‘Down from Heaven Came Eleven’

The first combat jump made by paratroopers of the WWII-era 11th Airborne Division was on 29 November 1944 when a mixed group of some 241 men dropped on Manarawat in Leyte, making a series of a half-dozen other jumps in early December.

11th Airborne Division jungle field camp, 1945. Note repurposed parachutes

On 3 February 1945, some 1,830 men of the 11th, primarily from the division’s 511thd Parachute Infantry Regiment (511th PIR), would jump outside of Manila at Tagaytay in Operation Shoestring– where a young paratrooper by the name of Rod Serling would be wounded.

“First Lift” The first of three lifts make the first combat jump in 11th Airborne Division history at Tagaytay Ridge, Luzon, P.I. Mt Batulao to the left (Photo: 11th Airborne Assoc)

A week later came a combat drop at Los Banos where 130 men of B Co., 511th PIR would rescue 2,147 POWs.

As noted by the CMH: 

In February 1945, the 11th U.S. Airborne Division and six Philippine guerrilla units operating on Luzon devised a plan to liberate the camp and for that purpose formed the Los Banos Task Force under Col. Robert H. Soule. The group consisted of approximately two thousand paratroopers, amphibious tractor battalion units, and ground forces as well as some three hundred guerrillas. The key to the rescue was an assault force consisting of a reinforced airborne company who were to jump on the camp while a reconnaissance force of approximately ninety selected guerrillas, thirty-two U. S. Army enlisted men, and one officer pinned the guards down. The remainder of the force was to launch a diversionary attack, send in amphibious reinforcements, and be prepared to evacuate the internees either overland or across the lake. The bulk of the Philippine guerrillas were to assist by providing guides and marking both the drop zone and beach landing site. This plan was based on intelligence provided by guerrilla observations of the camp guard locations and routines, supplemented by a detailed map of the Los Banos Camp which had been drawn by a civilian internee who had managed to escape.

Chairman of the Joint Chiefs of Staff, General Colin Powell: “I doubt that any airborne unit in the world will ever be able to rival the Los Banos prison raid. It is the textbook operation for all ages and all armies.”

June saw Task Force Gypsy, some 1,030 men of the 511th, land on Aparri in Luzon as a blocking force to keep the Japanese from falling back further inland– the last major American combat drop of WWII.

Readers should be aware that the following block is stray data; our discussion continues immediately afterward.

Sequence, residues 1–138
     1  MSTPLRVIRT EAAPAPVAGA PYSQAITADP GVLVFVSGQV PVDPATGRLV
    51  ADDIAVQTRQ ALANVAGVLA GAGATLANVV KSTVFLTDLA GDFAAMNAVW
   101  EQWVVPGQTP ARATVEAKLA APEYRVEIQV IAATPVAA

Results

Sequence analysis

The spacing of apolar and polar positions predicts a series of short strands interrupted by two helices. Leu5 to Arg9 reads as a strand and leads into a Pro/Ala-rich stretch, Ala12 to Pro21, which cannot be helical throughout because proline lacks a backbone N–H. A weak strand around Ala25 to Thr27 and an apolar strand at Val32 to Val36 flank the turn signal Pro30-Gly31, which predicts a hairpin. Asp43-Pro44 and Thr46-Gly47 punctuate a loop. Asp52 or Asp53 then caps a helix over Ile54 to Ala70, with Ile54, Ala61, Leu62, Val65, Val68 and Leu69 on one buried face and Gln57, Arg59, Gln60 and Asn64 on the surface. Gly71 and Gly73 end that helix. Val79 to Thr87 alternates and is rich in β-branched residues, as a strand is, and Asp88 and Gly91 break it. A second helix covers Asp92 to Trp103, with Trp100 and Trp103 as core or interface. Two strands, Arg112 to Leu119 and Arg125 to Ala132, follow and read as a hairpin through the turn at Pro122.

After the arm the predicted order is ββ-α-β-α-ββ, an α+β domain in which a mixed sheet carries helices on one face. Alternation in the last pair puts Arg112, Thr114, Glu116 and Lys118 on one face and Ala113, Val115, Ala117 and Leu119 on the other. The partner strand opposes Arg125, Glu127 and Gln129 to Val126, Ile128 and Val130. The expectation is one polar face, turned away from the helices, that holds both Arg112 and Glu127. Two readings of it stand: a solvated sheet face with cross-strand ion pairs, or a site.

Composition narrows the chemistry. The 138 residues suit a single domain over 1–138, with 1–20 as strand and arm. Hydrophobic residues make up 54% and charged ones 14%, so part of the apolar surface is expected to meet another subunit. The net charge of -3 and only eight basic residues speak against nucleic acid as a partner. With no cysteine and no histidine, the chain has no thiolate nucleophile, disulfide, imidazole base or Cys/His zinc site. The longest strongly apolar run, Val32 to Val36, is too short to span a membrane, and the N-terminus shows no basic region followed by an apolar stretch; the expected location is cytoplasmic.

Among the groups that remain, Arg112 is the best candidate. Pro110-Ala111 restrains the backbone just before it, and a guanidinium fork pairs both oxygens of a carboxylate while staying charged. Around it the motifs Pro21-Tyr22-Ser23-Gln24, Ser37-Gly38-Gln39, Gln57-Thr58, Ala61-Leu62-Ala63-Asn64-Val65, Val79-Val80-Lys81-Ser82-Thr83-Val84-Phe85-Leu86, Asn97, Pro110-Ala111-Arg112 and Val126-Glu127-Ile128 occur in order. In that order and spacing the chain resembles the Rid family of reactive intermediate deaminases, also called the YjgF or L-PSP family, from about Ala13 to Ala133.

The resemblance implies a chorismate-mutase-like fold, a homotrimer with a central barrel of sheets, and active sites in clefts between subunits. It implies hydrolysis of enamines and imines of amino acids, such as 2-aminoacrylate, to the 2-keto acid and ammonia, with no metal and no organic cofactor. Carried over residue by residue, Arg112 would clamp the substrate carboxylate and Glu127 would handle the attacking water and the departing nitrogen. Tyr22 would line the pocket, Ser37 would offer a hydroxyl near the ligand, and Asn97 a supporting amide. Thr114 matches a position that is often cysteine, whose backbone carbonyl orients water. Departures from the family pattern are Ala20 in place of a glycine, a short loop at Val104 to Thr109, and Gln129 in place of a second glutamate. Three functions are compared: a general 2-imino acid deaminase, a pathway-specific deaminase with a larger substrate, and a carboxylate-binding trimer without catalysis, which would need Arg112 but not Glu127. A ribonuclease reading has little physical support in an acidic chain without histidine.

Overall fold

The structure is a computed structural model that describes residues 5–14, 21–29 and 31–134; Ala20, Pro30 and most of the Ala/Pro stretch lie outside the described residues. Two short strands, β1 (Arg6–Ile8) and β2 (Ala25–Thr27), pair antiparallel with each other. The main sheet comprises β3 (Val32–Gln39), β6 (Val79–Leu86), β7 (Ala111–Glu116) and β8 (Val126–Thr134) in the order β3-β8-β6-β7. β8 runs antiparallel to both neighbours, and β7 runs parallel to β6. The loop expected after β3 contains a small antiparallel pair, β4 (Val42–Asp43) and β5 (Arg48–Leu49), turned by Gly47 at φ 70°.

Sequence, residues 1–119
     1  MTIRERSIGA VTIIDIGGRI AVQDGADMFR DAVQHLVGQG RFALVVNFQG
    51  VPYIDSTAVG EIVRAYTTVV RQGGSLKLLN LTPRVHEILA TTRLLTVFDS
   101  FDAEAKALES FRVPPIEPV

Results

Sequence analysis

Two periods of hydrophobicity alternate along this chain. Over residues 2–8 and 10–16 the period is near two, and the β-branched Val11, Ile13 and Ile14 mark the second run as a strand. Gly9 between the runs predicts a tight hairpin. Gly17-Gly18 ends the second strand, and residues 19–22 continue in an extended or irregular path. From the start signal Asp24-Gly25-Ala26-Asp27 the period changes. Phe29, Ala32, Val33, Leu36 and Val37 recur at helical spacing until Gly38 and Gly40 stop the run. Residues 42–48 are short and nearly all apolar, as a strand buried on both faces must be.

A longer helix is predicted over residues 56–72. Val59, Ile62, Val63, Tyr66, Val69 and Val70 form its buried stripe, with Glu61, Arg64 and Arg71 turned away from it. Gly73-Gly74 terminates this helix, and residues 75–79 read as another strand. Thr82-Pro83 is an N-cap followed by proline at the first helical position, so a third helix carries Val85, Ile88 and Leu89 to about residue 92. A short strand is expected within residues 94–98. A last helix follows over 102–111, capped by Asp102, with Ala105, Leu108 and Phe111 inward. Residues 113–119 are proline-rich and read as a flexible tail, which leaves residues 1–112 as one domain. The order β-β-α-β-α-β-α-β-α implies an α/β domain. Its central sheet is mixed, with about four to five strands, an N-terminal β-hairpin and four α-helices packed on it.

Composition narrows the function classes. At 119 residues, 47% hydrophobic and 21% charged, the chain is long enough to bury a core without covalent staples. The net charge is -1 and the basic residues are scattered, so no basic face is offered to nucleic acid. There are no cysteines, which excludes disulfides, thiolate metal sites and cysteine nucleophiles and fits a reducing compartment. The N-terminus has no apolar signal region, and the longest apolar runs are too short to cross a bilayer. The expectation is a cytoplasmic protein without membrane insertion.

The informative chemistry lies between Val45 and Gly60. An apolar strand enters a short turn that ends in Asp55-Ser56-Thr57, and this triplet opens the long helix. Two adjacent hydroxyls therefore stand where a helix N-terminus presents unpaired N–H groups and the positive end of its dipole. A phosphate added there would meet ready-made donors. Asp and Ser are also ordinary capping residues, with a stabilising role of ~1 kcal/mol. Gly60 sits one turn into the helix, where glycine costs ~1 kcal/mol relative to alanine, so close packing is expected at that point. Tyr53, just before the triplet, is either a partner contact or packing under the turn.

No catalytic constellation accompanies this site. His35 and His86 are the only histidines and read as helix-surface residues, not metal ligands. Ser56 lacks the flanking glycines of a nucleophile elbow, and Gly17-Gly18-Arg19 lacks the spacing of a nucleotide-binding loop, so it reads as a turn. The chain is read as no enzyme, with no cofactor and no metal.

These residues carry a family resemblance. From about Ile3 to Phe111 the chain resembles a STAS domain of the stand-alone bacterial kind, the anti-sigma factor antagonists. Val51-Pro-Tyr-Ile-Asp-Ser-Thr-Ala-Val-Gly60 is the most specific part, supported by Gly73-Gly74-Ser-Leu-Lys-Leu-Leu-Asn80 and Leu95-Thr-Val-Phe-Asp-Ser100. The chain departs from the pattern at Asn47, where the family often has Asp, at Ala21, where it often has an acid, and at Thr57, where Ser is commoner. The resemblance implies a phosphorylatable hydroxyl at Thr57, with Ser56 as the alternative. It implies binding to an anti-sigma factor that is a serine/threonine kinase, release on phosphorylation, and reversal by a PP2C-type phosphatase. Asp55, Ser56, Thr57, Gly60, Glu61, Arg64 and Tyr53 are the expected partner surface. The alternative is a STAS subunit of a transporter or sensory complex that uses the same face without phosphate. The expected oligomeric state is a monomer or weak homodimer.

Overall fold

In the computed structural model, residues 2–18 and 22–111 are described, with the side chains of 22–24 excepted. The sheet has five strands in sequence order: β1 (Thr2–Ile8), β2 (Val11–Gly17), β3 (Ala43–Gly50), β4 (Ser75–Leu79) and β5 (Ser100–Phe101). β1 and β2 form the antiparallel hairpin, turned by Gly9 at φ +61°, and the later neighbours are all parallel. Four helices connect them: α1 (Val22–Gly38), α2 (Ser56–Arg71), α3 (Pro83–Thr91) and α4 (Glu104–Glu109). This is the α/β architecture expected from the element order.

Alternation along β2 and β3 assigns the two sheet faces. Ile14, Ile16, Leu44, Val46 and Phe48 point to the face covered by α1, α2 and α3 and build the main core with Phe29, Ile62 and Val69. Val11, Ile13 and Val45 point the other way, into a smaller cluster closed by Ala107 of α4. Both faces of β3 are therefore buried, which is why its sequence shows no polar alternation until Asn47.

The division would be airlifted to Japan immediately after D-Day and would be the first large U.S. Army combat unit sent to occupation duty in the home islands. They would remain there for four years. 

On 30 August 1945, the 11th Airborne Division was sent to Southern Japan as part of the occupation force. Here in this photo, 11th Airborne troopers stood guard at MacArthur’s General Headquarters in the Grant Hotel in Yokohama, Japan.


Fast forward to the Korean War and 1,800 men of the division’s 187th Airborne Regimental Combat Team (“Rakkasans,” now part of the 101st Abn Div) famously made combat jumps near Sunchon–north of Pyongyang– in October 1950 to block retreating Nork units, a feat they would repeat in Operation Tomahawk six months later outside of Musan along the 38th parallel.

Post-Korea, the unit was stationed in West Germany and included a number of former Eastern European residents in U.S service– such as Larry Thorne– and was inactivated in Augsburg on 1 July 1958, being reorganized and reflagged as the 24th Infantry Division.

Their last formal peacetime jump was in the summer of 1957.

Well, that is until this week.


Sticks of the 3rd Battalion, 509th Infantry (Airborne)– a unit that historically made four combat jumps during World War II: two into North Africa, one into Italy, and one into France— is now in the reformed 11th Airborne (“Arctic Airborne”) and made jumps in Alaska this week while wearing their new patches.

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